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Rich Mohn posted on Friday, March 26, 2010  6:48 am



I have a latent variable with indicators on different scales, which I've not worked with before. I thought I could just change them to zscores (the variables are normally distributed) and go from there, but I got an error message that there were serious convergence problems. I read about making it a formative construct, but wondered if anyone had any advice or could point me to a reference. Thanks. 

Rich Mohn posted on Friday, March 26, 2010  6:54 am



Just to clarify, there is not a compelling case at all to make it formative. 


I would not standardize the variables. If the variances are large, I would rescale them by dividing them by a constant of such size that their variances fall between one and ten after rescaling. I would run the model with all factor loadings free and the factor variances fixed to one to see if perhaps the problem is caused by the first factor indicator having a negative or small factor loading such that fixing it to one causes problem. If none of this helps, please send the full output and your license number to support@statmodel.com. 

Rich Mohn posted on Friday, March 26, 2010  10:38 am



That got it to run. The latent variable that has the different scales, though, is endogenous . . . so should I still fix the disterbance term to 1? I do get different pvalues for the unstandardized structural coefficients depending on which indicator path is fixed to 1. 


You should get the same fit whether you fix a factor variance to one or a factor loading to one. The choice of the factor indicator to fix at one sets the metric of the factor. You can do either parameterization. I would fix a factor loading to one that is estimated close to positive one.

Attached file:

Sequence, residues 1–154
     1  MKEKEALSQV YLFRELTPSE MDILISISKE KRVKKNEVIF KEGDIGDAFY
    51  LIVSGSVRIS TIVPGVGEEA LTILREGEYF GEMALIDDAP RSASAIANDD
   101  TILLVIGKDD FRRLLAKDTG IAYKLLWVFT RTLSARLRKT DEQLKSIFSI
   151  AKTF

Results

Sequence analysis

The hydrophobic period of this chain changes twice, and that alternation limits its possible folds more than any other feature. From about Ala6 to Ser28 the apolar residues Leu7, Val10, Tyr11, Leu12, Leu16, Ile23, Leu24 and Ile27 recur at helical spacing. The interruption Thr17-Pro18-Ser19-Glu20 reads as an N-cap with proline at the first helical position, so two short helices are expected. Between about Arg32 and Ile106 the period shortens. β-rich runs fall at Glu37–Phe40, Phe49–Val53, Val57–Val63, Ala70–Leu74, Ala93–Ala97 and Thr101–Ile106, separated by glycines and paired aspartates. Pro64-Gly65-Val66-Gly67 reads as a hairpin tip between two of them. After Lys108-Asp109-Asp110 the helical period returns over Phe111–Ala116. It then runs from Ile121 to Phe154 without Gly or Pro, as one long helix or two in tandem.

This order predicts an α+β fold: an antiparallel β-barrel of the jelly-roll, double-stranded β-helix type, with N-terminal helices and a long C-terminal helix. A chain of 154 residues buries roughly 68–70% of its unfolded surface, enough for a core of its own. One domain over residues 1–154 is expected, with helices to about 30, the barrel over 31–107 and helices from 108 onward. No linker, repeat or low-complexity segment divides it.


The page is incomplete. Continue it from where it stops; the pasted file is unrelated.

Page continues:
Rich Mohn posted on Friday, March 26, 2010  12:21 pm



Thanks, I just got concerned as I had pvalues for unstandardized structural paths change from .01 ot .07 depending on which indicator was fixed to 1 (and the indicators did have disparate loadings, .8 versus .4). The standardized solution certainly does stay the same. 

Asti posted on Thursday, August 04, 2011  2:00 am



"I would fix a factor loading to one that is estimated close to positive one". Does the indicator chosen for the latent's metric have to have positive loading? I have a latent with 6 indicators. Fixing factor variance at one, i get 3 indicators with positive loadings and 3 with negative. The (unstandardized) loading closest to positive one is very low (<0.1), but I have one indicator with 1.05 loading. Can I fix factor loading to one for the indicator with 1.05 loading? This is a measurement model testing for one, two, or threefactors. On a separate issue, I divided my observed variables (ranging from unit counts to thousands of milliseconds) by constants to restrict their means to 110 range. Though scaling doesn't affect standardized parameter estimates, I found scaling to greatly affect the loglikelihood (and derivative fit indices such as the AIC). I was under the impression that this is via the effect of measurement scaling on the covariance matrix which is considered in the estimation, but was told scaling shouldn't affect model fit. Is that right? What is the impact and importance of scaling the data? What is the place of the covariance matrix in the calculation of the loglikelihoodI can't seem to find it in the guide or tech appendices. 


I think it is most straightforward if you choose a positive loading to fix at one. If you choose a negative loading, it should be fixed to minus one. The loglikelihood and AIC will be affected. They are not model fit statistics. Rescaling by dividing by a constant to keep variances between one and ten helps model convergence. See formula 111 in Technical Appendix 5 for one loglikelihood formula. 

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